Given that the City charter was changed specifically to deal with just such a situation, it makes sense that Board leaders Monica Garcia (BD2) and Nick Melvoin (BD2) are now advocating for the Board to avail itself of this option. And given McKenna’s prior support for his own appointment, it seems unlikely that he would oppose a path that would allow for BD5 families to be represented until an election is held.

“I think that’s wise, and I think you’ll see our Board follow that,” Holmquist said. “Based on what happened with Ms. LaMotte and that situation, I would expect our Board to look first to have a special election scheduled as soon as possible. I would expect our Board would take that up at the first business meeting in August when they come back together, and I would imagine they will have a conversation about filling an interim and getting a Board member in so the constituents can be represented.”

The primary election would likely be held in March and the runoff in May of 2019, Holmquist added because some of the cities in BD5, such as Huntington Park, have county elections in March, making that the best time to maximize turnout. It would be almost impossible to hold the election in conjunction with the November midterms because the filing deadline is Aug. 11, and the LAUSD Board is not scheduled to meet again before then. Many members are on vacation, and Board Member Kelly Gonez (BD6) is on maternity leave.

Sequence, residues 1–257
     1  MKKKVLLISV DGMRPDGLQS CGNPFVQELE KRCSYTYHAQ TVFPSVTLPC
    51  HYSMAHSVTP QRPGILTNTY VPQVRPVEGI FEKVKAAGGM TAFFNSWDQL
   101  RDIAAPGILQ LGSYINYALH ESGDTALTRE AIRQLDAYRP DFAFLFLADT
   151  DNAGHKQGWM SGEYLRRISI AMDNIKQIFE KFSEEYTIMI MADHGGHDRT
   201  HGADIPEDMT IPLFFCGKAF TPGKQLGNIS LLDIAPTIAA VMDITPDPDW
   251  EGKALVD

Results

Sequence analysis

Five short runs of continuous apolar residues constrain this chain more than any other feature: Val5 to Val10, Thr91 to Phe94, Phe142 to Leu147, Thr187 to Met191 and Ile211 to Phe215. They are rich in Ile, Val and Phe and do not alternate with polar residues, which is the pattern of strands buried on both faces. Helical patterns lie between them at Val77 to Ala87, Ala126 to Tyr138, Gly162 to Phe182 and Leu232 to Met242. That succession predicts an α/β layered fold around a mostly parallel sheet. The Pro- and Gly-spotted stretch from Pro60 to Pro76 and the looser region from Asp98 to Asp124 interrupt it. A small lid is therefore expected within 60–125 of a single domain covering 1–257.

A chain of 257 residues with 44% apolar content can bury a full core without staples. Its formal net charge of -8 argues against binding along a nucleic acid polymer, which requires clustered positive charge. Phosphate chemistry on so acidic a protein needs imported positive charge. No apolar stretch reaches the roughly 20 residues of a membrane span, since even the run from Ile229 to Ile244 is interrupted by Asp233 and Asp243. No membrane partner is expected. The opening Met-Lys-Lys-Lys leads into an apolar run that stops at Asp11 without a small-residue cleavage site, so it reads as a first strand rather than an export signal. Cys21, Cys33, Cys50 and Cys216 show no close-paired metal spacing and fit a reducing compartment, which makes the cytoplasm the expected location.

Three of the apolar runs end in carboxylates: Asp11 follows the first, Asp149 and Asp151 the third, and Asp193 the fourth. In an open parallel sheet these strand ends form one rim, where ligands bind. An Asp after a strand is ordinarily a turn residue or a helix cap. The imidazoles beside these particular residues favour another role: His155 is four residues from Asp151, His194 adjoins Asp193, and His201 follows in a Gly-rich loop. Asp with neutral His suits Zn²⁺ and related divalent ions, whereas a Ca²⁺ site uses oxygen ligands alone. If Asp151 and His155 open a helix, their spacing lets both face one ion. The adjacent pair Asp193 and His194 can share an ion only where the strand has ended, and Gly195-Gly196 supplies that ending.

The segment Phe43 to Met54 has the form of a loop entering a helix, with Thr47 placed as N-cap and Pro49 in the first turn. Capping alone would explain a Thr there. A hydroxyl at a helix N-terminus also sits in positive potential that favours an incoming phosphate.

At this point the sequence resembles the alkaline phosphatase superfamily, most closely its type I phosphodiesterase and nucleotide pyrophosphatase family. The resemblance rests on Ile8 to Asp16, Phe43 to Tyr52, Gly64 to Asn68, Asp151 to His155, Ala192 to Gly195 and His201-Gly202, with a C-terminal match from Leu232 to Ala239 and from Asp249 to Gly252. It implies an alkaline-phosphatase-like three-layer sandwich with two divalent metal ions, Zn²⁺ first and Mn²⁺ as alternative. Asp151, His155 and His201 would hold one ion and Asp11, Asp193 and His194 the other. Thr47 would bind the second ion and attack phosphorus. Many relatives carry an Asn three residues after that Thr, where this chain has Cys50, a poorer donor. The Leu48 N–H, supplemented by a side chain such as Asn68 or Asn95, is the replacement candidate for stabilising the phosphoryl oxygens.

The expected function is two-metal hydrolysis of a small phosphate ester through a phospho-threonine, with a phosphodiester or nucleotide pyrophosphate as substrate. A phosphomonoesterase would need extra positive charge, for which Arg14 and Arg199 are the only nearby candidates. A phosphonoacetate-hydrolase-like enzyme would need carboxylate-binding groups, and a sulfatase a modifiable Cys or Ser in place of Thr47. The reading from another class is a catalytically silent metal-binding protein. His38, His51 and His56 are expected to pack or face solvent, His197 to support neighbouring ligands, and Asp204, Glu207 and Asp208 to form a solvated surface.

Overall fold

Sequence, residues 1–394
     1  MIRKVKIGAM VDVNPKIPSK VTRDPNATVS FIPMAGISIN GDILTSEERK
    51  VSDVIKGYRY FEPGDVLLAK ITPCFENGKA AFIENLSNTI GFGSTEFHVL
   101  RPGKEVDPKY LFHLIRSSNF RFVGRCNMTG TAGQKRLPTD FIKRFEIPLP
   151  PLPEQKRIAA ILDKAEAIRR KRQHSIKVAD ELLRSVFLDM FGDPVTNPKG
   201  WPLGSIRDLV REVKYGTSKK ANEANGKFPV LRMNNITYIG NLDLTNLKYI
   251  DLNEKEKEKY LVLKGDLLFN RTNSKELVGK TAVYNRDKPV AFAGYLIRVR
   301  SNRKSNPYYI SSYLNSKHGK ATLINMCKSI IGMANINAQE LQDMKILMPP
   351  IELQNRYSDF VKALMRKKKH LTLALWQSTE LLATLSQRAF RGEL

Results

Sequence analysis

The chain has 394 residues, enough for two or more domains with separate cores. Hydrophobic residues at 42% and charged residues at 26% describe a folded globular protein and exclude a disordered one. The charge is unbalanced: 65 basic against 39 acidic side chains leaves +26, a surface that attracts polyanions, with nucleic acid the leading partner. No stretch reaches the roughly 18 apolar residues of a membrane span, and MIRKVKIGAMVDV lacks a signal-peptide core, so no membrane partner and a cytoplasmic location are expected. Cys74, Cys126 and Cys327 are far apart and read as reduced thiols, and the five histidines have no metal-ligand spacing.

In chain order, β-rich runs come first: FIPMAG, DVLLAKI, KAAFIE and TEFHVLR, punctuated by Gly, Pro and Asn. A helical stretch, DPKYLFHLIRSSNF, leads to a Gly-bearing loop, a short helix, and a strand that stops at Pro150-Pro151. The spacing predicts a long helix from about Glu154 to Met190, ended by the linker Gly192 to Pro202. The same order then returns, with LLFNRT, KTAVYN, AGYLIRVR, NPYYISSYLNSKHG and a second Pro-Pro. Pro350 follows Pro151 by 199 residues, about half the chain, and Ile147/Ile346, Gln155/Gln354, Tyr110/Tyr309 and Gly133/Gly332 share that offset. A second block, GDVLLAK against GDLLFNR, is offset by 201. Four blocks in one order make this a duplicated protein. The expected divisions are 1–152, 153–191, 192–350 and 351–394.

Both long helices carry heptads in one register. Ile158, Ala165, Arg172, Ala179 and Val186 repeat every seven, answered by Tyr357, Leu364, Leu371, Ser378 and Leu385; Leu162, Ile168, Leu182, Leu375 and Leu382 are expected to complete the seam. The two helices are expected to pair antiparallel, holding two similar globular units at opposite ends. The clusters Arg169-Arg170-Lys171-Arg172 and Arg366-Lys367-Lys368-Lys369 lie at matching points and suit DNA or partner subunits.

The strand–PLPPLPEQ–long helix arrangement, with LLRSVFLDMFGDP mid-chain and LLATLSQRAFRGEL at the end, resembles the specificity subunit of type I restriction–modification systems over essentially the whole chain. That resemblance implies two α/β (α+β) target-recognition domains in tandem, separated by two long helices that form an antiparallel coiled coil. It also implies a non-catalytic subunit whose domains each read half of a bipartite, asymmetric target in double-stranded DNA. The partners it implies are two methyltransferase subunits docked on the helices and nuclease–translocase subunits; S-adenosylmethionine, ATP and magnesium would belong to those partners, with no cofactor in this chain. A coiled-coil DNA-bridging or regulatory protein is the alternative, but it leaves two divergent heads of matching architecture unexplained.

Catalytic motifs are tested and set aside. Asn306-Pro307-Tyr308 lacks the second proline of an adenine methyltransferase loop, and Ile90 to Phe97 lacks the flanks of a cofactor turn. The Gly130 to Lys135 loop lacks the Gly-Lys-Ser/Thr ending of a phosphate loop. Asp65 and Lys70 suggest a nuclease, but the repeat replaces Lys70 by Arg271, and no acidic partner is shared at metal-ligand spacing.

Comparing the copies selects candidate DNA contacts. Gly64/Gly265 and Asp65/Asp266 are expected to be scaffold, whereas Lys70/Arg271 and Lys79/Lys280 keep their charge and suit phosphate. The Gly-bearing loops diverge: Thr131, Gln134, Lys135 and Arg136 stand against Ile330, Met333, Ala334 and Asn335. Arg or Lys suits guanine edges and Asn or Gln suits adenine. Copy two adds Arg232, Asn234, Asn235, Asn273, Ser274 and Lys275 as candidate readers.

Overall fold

Given an extended 8-to-10-month period until an election is likely to be held, and critical decisions about district restructuring that LAUSD’s new Superintendent Austin Beutner is expected to make, Speak UP strongly supports a temporary appointment to fill the seat in the interim.

Support appears to be widespread across the ideological spectrum for just such a move. Both reformers, such as Melvoin and Garcia, and union-backed members, such as McKenna, are on record in favor of making sure constituents do not go without Board representation for a lengthy period, which could lead to gridlock on decisions affecting every Board member’s district.

It would take a Board majority of four votes to approve a plan, as well as to appoint an interim member. Given that no ideological faction dominates the Board following the Rodriguez resignation, any appointee would have to be a consensus pick supported by both union-backed Board members and reformers.

The Los Angeles Times Editorial Board, which did not acknowledge that the City Charter had changed in response to the LaMotte situation in its recent editorial on the topic, argued that an appointee would carry an unfair advantage of incumbency. Holmquist, however, rightly points out that incumbency is not always an advantage in L.A. school Board races. The Board could also select an interim member who publicly avows no intention to run for the seat next year. But unless the appointee lived outside the district, nothing would prevent an appointee from changing his or her mind and deciding to run at a later date, he said. The only certainty, Holmquist added, is the Board must decide what to do within 60 days of the Rodriguez resignation so we’ll know the path forward by late September.